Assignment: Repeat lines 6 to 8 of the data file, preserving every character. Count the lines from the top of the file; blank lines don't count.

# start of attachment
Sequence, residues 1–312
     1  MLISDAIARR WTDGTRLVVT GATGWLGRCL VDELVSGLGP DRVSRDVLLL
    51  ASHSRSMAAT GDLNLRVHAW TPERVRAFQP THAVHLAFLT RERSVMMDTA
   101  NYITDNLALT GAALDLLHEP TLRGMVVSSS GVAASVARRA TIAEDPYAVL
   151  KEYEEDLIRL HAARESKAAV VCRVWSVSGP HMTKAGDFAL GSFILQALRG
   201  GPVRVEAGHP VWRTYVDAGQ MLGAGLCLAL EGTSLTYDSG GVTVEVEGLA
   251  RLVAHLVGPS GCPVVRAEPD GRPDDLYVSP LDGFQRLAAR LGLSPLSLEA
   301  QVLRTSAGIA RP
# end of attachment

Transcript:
   201  GPVRVEAGHP VWRTYVDAGQ MLGAGLCLAL EGTSLTYDSG GVTVEVEGLA
   251  RLVAHLVGPS GCPVVRAEPD GRPDDLYVSP LDGFQRLAAR LGLSPLSLEA
   301  QVLRTSAGIA RP